Perhaps what makes the seahorse so remarkable, though, is what happens after the courtship. Once accepted, the female will pass her eggs into a pouch in the male’s abdomen where they will be fertilized. Here they’ll stay for a few weeks before he releases them—a number which can sometimes reach 200 babies, and which makes the seahorse one of the only animals on earth where the male is responsible for giving birth. 

While the lined seahorse’s behavior and looks are engrossing, one of the most intriguing aspects of this sea creature is the role it plays in the Chesapeake Bay’s health. This fish not only feeds on troublesome organisms such as brine shrimp and algae, but it is a favorite meal for much of the Bay’s iconic wildlife, including crabs and seabirds. That makes them a small yet critical piece in ensuring the Bay’s ecosystem stays in check. 

Bony Fish – Lined seahorse

Despite their critical role in the Bay’s health, however, their population is in decline. During yearly trawls by the Virginia Institute of Marine Science, only about 40 to 100 seahorses are typically found. While their original population numbers aren’t fully known, it’s suspected that pollution has led to even more drastically lower numbers.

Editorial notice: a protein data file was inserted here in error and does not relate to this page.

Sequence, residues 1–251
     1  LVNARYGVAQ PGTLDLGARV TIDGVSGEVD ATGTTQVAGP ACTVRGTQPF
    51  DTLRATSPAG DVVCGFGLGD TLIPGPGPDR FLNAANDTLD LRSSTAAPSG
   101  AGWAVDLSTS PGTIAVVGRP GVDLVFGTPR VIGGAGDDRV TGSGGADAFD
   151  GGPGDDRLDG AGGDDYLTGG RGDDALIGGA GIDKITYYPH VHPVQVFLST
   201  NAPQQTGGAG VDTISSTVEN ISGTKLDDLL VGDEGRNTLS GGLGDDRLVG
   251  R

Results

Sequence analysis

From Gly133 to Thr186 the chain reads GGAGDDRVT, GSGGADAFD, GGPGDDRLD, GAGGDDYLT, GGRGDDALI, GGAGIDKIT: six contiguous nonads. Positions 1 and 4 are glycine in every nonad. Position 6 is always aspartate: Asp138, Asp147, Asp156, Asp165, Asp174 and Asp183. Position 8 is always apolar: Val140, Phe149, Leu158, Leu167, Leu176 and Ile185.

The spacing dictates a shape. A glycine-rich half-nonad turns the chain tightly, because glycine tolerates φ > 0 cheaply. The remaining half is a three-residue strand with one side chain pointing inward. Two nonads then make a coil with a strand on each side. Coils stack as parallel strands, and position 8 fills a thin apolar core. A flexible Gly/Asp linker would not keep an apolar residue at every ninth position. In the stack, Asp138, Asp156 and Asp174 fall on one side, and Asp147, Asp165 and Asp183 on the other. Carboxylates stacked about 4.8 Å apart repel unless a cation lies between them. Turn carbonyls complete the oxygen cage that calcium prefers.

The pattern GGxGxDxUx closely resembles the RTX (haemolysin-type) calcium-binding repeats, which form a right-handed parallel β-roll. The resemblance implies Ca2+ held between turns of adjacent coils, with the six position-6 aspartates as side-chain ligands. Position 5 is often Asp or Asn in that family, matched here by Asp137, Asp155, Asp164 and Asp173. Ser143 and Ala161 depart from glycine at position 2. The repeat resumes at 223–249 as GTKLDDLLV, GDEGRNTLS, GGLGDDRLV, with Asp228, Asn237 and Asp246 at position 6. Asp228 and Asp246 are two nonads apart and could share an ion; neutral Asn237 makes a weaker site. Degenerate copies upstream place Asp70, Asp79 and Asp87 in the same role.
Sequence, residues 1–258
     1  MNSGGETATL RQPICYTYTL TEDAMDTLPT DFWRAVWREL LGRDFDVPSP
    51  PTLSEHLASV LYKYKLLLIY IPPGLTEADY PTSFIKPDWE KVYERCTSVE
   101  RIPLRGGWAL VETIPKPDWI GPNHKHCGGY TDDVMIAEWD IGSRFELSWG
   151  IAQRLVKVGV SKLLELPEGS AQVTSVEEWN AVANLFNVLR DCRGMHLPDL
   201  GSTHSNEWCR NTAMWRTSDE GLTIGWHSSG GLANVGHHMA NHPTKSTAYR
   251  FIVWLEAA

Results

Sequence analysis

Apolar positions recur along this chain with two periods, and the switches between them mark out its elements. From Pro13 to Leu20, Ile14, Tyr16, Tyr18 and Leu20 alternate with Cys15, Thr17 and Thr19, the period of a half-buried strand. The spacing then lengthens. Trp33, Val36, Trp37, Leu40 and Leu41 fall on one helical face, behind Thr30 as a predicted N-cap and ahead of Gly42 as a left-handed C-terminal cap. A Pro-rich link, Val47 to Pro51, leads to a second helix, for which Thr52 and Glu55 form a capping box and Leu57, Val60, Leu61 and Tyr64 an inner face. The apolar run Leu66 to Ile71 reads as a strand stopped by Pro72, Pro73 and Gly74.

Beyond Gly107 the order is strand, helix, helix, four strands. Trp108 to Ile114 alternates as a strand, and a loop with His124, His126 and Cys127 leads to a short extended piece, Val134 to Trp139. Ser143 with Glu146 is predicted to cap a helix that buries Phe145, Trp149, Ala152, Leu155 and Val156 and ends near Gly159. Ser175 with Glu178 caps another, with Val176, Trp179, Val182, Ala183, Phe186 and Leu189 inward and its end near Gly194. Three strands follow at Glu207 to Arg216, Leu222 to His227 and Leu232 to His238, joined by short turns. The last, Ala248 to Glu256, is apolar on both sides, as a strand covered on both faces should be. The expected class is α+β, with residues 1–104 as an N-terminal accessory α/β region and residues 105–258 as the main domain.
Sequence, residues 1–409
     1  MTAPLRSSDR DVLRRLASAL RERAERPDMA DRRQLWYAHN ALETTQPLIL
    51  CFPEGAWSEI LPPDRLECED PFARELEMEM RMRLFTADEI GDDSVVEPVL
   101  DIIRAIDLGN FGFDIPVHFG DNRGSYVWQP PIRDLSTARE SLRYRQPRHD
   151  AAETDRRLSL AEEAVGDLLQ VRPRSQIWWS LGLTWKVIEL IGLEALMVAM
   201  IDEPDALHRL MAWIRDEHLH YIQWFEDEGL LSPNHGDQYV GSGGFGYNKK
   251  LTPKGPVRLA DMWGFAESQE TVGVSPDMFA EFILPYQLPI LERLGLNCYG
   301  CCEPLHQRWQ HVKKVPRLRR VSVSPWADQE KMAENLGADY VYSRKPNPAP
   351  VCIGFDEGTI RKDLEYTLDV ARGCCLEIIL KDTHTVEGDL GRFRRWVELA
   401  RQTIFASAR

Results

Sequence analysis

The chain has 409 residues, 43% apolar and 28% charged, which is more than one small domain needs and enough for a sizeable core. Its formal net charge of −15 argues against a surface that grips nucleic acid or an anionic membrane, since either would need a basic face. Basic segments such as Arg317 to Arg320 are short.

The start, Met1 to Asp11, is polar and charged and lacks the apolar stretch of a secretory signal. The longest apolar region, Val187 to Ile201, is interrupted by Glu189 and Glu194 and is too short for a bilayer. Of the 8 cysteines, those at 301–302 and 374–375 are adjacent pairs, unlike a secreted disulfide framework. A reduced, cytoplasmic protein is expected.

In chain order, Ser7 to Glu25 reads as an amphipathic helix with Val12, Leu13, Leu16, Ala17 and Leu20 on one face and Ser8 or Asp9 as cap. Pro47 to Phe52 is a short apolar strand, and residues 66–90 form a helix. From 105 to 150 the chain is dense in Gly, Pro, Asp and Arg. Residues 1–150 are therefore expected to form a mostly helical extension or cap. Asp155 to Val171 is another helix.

“Seahorses are present in the Bay but are considered to be uncommon,” says Perry Hampton, the Calvert Marine Museum’s estuarine biology curator. “I suspect that in the past they may have been more plentiful when seagrass beds were abundant. For many species that are threatened or endangered, the primary culprit is often loss of habitat and that is definitely the case with the Bay’s seahorses.”

Seahorses are listed as vulnerable by the International Union for Conservation of Nature, as they’re often overcaught to use in the aquarium trade and for traditional Chinese medicine. While the Chesapeake’s lined seahorse itself isn’t necessarily at risk from these issues, it has its own problems to watch out for—primarily climate change and pollution. 

These issues aren’t necessarily damaging to the seahorse itself but to eelgrass—a rapidly disappearing habitat the seahorse community desperately needs for survival. This long, wavy grass begins growing in the Bay during the late winter and eventually spreads its seeds during the spring, creating lush patches. It not only serves as a seahorse haven but helps strain pollutants and limits erosion, contributing significantly to ecosystem health.